The return to our core values and the implementation of Alcohol Free Housing has produced overwhelmingly positive results for Phi Delta Theta and the 188 campuses where we exist. We have discovered that many students seek a values-based experience from their fraternity. From 2000, when the policy was fully implemented by all of our chapters until today, we’ve experienced a 41.37% increase in the number of new members who join our organization each year. Our total number of undergraduate members has increased 38.64%.

From a competitive standpoint, our average chapter size is 64 members, the second highest among all fraternities and up from 49 in 2000. The national average hovers around the low to mid 40s. From a chapter growth perspective, we have installed or reinstated 64 chapters since 2000. During the 2012-13 academic year, we installed eight new groups with an average size of 45 new members. We are on pace to do this again in 2013-14.

Sound learning has also improved as the organization’s collective GPA is at 3.01, up from 2.73 in 2000. In addition, our members are making smarter decisions outside of the classroom that keep themselves and their brothers safe from high-risk events. The best way to measure this success is by evaluating the number of incidents that might manifest themselves into insurance claims. We averaged 12.3 alcohol-related insurance claims per year prior to 2000 with an average annual payout of $413,378. Today, we average 4.9 claims a year with an average annual payout of $23,877.  The average number of annual claims has decreased 60.5% and the severity of payout has decreased 94.2%. Because of this, our liability insurance costs have dropped substantially, thereby, offering a much more affordable and safer experience to our members. Today, the average per member insurance rate for fraternities is approximately $160 per member; our rate is less than half that at $74 per member.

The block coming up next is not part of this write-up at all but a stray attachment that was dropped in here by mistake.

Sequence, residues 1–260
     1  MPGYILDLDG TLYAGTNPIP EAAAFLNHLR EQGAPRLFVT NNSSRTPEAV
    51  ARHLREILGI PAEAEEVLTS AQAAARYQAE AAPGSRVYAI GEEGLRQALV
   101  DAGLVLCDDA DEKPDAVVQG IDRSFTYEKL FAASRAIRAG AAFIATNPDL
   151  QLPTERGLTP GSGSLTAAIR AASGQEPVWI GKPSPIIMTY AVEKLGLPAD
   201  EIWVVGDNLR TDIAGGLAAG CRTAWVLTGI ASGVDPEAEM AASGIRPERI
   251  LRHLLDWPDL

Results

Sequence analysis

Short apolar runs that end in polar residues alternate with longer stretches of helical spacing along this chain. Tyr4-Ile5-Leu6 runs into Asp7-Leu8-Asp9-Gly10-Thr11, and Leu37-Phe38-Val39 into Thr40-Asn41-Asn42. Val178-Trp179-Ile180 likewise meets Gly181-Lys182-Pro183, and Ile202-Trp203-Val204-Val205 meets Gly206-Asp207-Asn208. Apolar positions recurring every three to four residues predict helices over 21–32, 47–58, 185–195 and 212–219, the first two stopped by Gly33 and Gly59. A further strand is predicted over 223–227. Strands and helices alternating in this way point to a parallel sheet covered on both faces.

Our alumni have quickly noticed the difference in our organization and have returned to be involved as advisers and mentors. In 2000, we had approximately 200 advisers. Today, we have 885, a 342.5% increase. Because of the positive effects of Alcohol Free Housing, alumni are more comfortable providing both their time and treasure. Additionally, alumni giving is at an all-time high. In 1990, our Foundation raised just over $494,000; in 2000, just over $1.08 million. This past year, $3.65 million was raised to provide valuable educational programs and financial assistance to our members in the form of undergraduate scholarships and graduate fellowships.

More than anything, I believe that by removing alcohol from our facilities, we have been able to focus on things that make us a better organization. While we concentrate a great deal on risk management education, our volunteers and staff no longer regularly focus on incidents involving alcohol. We are now able to broaden our focus to other progressive programming for our members.

While we will be the first to admit that we are certainly not perfect, we are extremely confident about our direction, decisions, and leadership, and we remain committed to tackling the tough issues that currently face our organization and our members. Most importantly, we are proud of our members and their support in helping our Fraternity become the greatest version of itself.